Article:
I give therefore I am

Inequality, consumption and recognition

In a system in which inequality, consumption and the desire for recognition correlate, giving plays a central role: gifts express our sense of our own value as much as that of others. Only by legitimizing areas of acknowledgement beyond economic success can we move towards a more inclusive form of giving, argues sociologist Alain Caillé.

Revue Projet: In the introduction to your book La quête de reconnaissance (The Quest for Acknowledgement), you claim that our society has moved from the ‘language of having’ to a quest ‘for being, for identity and for subjectivity’.1 How do you explain this radical change?

Alain Caillé: Humanity as we know it has both needs and desires, meaning that the quest for having and the quest for being have always been bound together. Until the 1980s, social conflict related primarily to ownership of the means of production and redistribution. What was to be redistributed and to whom? From the 1980s onwards, other underlying conflicts emerged: between men and women (the conflict is of course older than that, but we used to think that, like class conflict, it would resolve itself), between generations, between minorities (sexual, religious, ethnic) and majorities. It was as if these conflicts were suddenly becoming independent of each other. Politics came to be based on an identity founded upon resemblance: if you belonged to the same social class then you struggled alongside your own class. Now we have tipped over into identity based on difference, on ipséité (ipseity) as Ricœur would have it, an identity in which each of us wishes to be different and cannot be reduced to identity with another.

Over the last four decades, the West has transformed itself into a type of political and social system that might be called inverse totalitarianism. Twentieth-century totalitarianisms sacrificed individuals on the altar of the collective, whether the state, the race, or something else. Today, whatever is communal must be deconstructed, so that there is nothing left but individuals, or fragments of individuality. This kind of totalitarianism comes with neo-liberalism and speculative, rentier capitalism. What we are witnessing is the de-legitimation of everything associated with commonality. This makes society unstable and is associated with an increase in consumption.

Isn’t there a danger that the quest for being can nevertheless only be fulfilled through having?

The anthropologist Mary Douglas and the economist Baron Isherwood have shown that an enormous proportion of the things that we buy are acquired so that we can fulfil our role as givers (having a guest room in our houses, buying champagne so we can welcome our guests, etc.).2 We fulfil our role in terms of the threefold obligation beloved of Mauss: giving, receiving and giving in return. Gifts enable us to be acknowledged as givers and to acknowledge the value of others whilst simultaneously asserting our own value, with the assurance that we will be acknowledged in proportion to what we give.

Even purchases that we make for ourselves can be seen as gifts. One acknowledges oneself according to the degree of pleasure that one gives oneself. It is not simply a question of egoism. Consumption may occur where we feel that there is some gap that must be filled. But acknowledgement is a never-ending quest. One of the factors that contribute to increased consumption involves an increasing struggle to be acknowledged, and this is linked to weakening of identity. This weakening can be explained in particular by the fragmentation of social conflict. The subject is no longer just a representative of the working class, but may simultaneously be a young person in opposition to older people, a woman in search of autonomy, and someone of immigrant origin. Contemporary society requires that each individual affirm his or her individuality. Despite this, there is a need, very pronounced among young people, to identify with a collective, even one that is fragile. We are tugged between two extremes: hyper-singularization and hyper-conformism.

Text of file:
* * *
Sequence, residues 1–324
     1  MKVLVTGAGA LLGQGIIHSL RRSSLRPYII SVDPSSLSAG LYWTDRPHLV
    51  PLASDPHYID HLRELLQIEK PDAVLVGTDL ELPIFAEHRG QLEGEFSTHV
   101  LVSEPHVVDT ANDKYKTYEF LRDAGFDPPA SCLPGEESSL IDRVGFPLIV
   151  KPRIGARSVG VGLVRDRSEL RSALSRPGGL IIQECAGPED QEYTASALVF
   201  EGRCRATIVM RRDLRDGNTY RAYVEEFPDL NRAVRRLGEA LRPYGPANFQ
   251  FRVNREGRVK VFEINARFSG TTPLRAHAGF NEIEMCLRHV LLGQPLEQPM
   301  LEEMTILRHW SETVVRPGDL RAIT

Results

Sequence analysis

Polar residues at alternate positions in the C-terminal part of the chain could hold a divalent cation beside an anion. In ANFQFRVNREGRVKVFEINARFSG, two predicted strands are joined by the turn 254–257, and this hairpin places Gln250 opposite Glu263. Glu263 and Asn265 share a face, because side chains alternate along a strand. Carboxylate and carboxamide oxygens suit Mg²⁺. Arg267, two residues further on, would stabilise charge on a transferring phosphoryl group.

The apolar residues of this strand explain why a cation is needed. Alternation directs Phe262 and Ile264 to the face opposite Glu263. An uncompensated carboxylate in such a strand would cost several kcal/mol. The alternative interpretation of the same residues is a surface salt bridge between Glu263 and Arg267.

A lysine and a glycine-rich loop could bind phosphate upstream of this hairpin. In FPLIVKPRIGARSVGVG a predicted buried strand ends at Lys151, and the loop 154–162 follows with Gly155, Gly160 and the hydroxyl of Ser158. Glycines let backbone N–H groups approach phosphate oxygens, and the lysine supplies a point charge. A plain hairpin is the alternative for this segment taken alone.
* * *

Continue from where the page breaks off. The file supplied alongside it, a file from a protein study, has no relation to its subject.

The philosopher Dany-Robert Dufour argues that hyper-consumption first burst upon the world on 30 March 1929. During an Easter Parade in New York, a PR agency closely associated with tobacco companies persuaded a group of women to light up cigarettes all at the same time – an act that, in those days, was the prerogative of men. These cigarettes were dubbed ‘Torches of Freedom’. This display of women’s liberation was, at the same time, a way of capturing a market. Acknowledgement, the quest for freedom and the opening-up of markets have become inseparable.

How are consumption and acknowledgement related to each other?

Part of consumption may be explained as need. But we can never really know where need begins and where desire takes over. The two are inextricably intertwined. I prefer to approach consumption from another angle: the desire for distinction, explored in particular by Bourdieu.3 Unlike utilitarian visions of social action, the Mauss movement4 sees the principal motive for human action as being the desire for acknowledgement. More precisely, it sees the desire for acknowledgement in terms of gifts, the desire to be acknowledged as a generous donor; and, beyond that, to be seen in terms of generativity. We wish to be seen as being involved in life-enhancing, creative action.

In German, ‘there is’ translates as es gibt, literally ‘it gives’. But what is the ‘it’ that is giving? If we reject the idea that it is God, we can say that there are a great many things that are given to us: life, the world, the air that we breathe, and so on; but these are not given by anyone and not given to anyone in particular. Phenomenologists speak of ‘donation’. If this logic does not imply a donor and a receiver, then it seems to me that we must conceive of donation on the basis of the Mauss model. This implies the idea of the counter-donation, that is, that one must reciprocate a gift. By extension, this means that we must give back to life, to nature, etc. It is in this sense that I would understand ideas such as spontaneity, creativity and generativity.

How do the ideas of donation and counter-donation apply to presents, for example?

Nowadays, giving presents on festive occasions is an obligation. We are subject to Mauss’s idea of ‘triple obligation’: ‘giving-receiving-giving in return’. Presents function as a means of acknowledging the value that we attach to our children, to our family. In my book, Œil pour œil, don pour don (‘An Eye for an eye, a gift for a gift’), co-authored with the anthropologist Jean-Édouard Grésy, we attempt to apply the donation paradigm to psychology, but introduce a slight complication in terms of the classic Mauss schema. In order to achieve a complete cycle, we have changed ‘give, receive, give in return’ into ‘ask, give, receive, give in return’.  This applies to presents. If the present does not fulfil a request or an expectation, it falls flat. And we know that no gift ever completely satisfies requests or expectations. We are therefore faced with an unending cycle. A whole series of disappointments between people arises from an imbalance between asking, giving, receiving and giving in return. There are bad askers, bad givers (those who shower you with presents or, the opposite, those who don’t know how to give). But it is not just about the presents; it is the whole idea of the gift, given at the right time, with the right degree of attention and gratitude, that is subject to this tension.